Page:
Getting old is taboo in erotica. Not in the sense of being forbidden—no one will stop you from writing about characters advanced in years, and every once in a while an editor will talk a publisher into backing an anthology of stories where all the characters are over—shudder—50. Or sometimes even ust over 40. The horror! And you can occasionally place such a story in other anthologies. I’ve done it a few times myself. Yes, I admit that “taboo” is an overstatement in this context.
Still, in erotica, as in most forms of entertainment, pretty much anything goes except being physically unattractive, in terms of what’s generally considered attractive in one’s particular time and culture. In our culture, that tends to be youth-centered. Fortunately, even within a culture tastes do vary, and a good writer can make a case for one character being attractive to another even when one or both of them fall pretty far outside the norms, but most erotica seems to toe the mark of what’s commonly considered youthful movie-star looks.
Speaking of toeing the mark, I’m not very familiar with toe fetishism, although I know it exists. Do toes need to be “’cute” to be fetishized? I rather suspect not. There are certainly some exceptions to the necessity of exceptionally attractive characters in erotica, and we humans being as contrary as we are, there are probably some who fetishize dramatically ugly characters, or parts thereof. And there may be those who prefer to read about older people having sex, for various reasons, not necessarily kinky ones.
Aging is a complex issue in our society in ways that go beyond the matter of looks and therefore desirability, although those are the prime counts against it. Getting old is a challenge to the young’s sense of immortality. There seems to be a feeling that those who grow old must somehow deserve their fate. They should have known better. This attitude isn’t quite as pernicious as the one that sees poverty and ill health as the fault of those who suffer them, or possibly a just punishment from God, but the two are similar.
What set me off on this tirade isn’t the fact that I’ve somehow allowed myself to get to an age that’s considered old. I am as good as anyone else of my generation in defining “old” as some years older than wherever I am now. But I’m annoyed by the click-bait headlines I see again and again online, the ones about “So-and-so was gorgeous in such-and-such TV show back in the 70s, 80s, but you won’t believe what they look like now!” You know, the ones interspersed with “Celebrities who have to work at Regular Jobs!” and “So-and-so Lost 100 pounds and Looks Like a Model!” There seems to me to be an underlying motif of, “Ha ha, they got old!” I have to admit that I don’t click on those, so for all I know they show pictures of celebrities who have managed to stay gorgeous, but I still think they’re intended to appeal to people who want to see the formerly beautiful and famous brought low by aging.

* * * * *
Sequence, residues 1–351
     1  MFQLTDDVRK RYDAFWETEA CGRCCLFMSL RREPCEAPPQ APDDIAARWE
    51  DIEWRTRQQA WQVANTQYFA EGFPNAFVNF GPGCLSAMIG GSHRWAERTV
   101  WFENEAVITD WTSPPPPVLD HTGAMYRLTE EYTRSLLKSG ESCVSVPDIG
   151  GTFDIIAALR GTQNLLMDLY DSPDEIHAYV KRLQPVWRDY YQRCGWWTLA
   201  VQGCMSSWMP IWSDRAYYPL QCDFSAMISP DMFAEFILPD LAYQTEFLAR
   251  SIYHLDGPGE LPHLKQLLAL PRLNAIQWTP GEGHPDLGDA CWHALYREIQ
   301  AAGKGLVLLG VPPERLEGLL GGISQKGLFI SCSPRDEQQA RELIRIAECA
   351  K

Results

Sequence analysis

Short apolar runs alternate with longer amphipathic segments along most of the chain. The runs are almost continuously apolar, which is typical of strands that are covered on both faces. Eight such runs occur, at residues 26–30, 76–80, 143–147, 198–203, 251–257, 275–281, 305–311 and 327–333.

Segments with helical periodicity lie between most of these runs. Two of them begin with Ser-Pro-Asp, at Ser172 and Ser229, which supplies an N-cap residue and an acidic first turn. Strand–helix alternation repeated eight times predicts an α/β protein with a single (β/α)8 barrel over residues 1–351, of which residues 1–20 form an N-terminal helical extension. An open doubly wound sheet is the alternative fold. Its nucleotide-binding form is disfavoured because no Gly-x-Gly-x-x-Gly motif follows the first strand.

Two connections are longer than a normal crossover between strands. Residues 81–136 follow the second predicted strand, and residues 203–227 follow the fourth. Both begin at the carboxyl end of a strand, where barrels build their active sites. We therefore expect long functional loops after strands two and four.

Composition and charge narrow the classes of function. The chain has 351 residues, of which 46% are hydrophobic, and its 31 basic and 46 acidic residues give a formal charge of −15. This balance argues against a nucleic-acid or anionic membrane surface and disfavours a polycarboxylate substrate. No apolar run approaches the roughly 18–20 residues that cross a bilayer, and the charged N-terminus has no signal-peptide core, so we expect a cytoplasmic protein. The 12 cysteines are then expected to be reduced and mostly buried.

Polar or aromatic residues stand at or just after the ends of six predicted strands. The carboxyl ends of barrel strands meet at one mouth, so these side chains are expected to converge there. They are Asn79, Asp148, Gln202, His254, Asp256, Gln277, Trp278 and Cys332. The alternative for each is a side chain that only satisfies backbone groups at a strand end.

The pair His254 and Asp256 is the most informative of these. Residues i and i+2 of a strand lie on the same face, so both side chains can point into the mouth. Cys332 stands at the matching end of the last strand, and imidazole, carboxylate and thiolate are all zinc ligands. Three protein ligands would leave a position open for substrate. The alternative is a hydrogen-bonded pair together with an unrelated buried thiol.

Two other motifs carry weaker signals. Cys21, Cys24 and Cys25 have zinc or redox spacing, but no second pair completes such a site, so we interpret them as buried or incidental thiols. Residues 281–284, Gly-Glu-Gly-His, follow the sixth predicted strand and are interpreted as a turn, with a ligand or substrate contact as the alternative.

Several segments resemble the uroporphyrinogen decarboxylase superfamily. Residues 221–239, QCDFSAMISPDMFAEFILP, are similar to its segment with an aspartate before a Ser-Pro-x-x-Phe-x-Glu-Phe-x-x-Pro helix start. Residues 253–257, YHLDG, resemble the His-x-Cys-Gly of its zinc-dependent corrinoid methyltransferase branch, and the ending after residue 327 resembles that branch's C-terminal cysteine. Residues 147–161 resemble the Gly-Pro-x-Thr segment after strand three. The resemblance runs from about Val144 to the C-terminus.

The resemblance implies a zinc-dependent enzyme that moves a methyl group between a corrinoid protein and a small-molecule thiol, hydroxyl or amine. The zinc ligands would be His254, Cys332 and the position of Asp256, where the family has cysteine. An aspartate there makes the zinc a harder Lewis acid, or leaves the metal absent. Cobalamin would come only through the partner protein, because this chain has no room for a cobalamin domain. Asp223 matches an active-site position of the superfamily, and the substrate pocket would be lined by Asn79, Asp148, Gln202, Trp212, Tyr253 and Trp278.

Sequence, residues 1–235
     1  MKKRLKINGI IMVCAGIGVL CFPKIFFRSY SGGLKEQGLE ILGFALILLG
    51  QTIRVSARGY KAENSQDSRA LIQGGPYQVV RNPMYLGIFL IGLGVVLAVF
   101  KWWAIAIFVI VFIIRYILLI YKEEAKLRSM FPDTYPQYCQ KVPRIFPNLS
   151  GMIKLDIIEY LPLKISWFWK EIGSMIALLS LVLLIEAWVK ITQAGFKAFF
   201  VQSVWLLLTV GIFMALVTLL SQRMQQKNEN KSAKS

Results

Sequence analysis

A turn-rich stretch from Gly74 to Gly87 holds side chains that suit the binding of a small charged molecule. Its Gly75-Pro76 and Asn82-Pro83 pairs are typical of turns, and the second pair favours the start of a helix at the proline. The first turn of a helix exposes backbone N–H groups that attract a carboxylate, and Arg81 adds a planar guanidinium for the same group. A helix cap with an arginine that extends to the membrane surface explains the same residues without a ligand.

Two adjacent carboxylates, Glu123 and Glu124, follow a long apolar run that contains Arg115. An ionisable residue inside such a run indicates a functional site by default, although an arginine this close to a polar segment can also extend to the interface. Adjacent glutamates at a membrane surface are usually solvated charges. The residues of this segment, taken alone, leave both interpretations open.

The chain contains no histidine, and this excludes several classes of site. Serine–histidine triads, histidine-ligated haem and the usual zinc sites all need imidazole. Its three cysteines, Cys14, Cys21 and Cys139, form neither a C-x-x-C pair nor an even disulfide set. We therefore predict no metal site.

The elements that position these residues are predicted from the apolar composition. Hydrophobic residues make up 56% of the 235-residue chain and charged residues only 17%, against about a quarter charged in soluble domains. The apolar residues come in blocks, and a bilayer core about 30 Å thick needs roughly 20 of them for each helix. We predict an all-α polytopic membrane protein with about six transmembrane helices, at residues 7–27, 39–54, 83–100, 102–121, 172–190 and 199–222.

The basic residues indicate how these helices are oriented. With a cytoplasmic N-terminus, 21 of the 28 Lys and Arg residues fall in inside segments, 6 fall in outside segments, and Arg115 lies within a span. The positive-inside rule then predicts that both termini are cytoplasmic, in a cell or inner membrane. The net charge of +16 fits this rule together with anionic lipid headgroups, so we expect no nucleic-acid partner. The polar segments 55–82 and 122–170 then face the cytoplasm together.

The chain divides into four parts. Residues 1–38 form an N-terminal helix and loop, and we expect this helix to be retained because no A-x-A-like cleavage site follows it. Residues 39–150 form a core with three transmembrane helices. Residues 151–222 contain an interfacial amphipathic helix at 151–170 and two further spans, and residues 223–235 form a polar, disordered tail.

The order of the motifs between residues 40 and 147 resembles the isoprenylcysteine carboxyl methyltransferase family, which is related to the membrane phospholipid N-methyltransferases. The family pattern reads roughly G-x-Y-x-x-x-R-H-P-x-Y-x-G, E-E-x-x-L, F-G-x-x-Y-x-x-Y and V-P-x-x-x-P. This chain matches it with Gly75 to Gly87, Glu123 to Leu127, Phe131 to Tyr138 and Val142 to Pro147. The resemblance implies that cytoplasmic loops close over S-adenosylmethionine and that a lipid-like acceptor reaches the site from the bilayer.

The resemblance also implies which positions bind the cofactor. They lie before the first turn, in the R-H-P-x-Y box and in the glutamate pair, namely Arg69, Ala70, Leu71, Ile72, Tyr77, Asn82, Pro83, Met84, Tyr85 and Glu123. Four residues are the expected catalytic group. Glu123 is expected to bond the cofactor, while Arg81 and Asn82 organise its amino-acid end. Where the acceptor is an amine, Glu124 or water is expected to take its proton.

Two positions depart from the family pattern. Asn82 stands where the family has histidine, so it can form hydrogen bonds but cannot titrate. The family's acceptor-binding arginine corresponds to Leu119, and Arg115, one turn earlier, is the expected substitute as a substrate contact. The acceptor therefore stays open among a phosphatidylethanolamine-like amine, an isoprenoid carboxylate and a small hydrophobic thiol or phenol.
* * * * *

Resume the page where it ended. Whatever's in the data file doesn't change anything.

When it comes to averting the eyes (and mind) from images of old people having sex, there may be some connection to the possibly universal distaste for thinking of one’s own parents (or grandparents) in sexual situations. I suppose this is to be expected when the parents have been responsible for such oppressions as toilet training. And I suppose that thinking of grandmothers as hyper-prudish seems reasonable from the perspective of the grandchildren, who can’t imagine that anyone that old was ever young, or sexy. Every generation thinks they invented sex, or at least sex with the lights on. I guess they never heard of the 60s, and Free Love, back when I was their age. Granted, not all of us had the luxury of being hippies, but we paid attention.
But back to erotica. I have an admission to make. What really got me thinking along these lines is wondering whether I’ve included too many stories about older people in my next anthology. Wondering about that, of course, makes me guilty of seeing erotica with old people as slightly taboo, too. Will readers complain? Will it affect sales? Well, screw it all. The book is Best Lesbian Erotica of the Year Volume 2—how I miss the days when it would have been titled simply Best Lesbian Erotica 2018!—and it just happened that among the stories I considered the best, there were more than usual with older protagonists, and fewer with young ones. Maybe this is a trend. Most of them were younger than what I consider old, but there are several over 40, and one lovely piece set in a geriatric psych ward.
Hmm, as I look again at my Table of Contents, there isn’t really as big a percentage of older-folks stories as I’ve been thinking there was. More indication of my own unexamined bias. It’s like the study that shows that if twenty percent of a group is female, the males will be sure that the females constitute an overwhelming majority. I’ll stop obsessing about it. You know, I think the reason I feel like there are too many of those stories is just that they’re so good, and stick in my mind.
So I guess I’ve been attacking a straw man. Or straw woman. Like beauty, taboo is in the eye of the beholder, and if I think growing old is taboo, that says more about me than about our youth-oriented, celebrity-obsessed, fat-phobic society.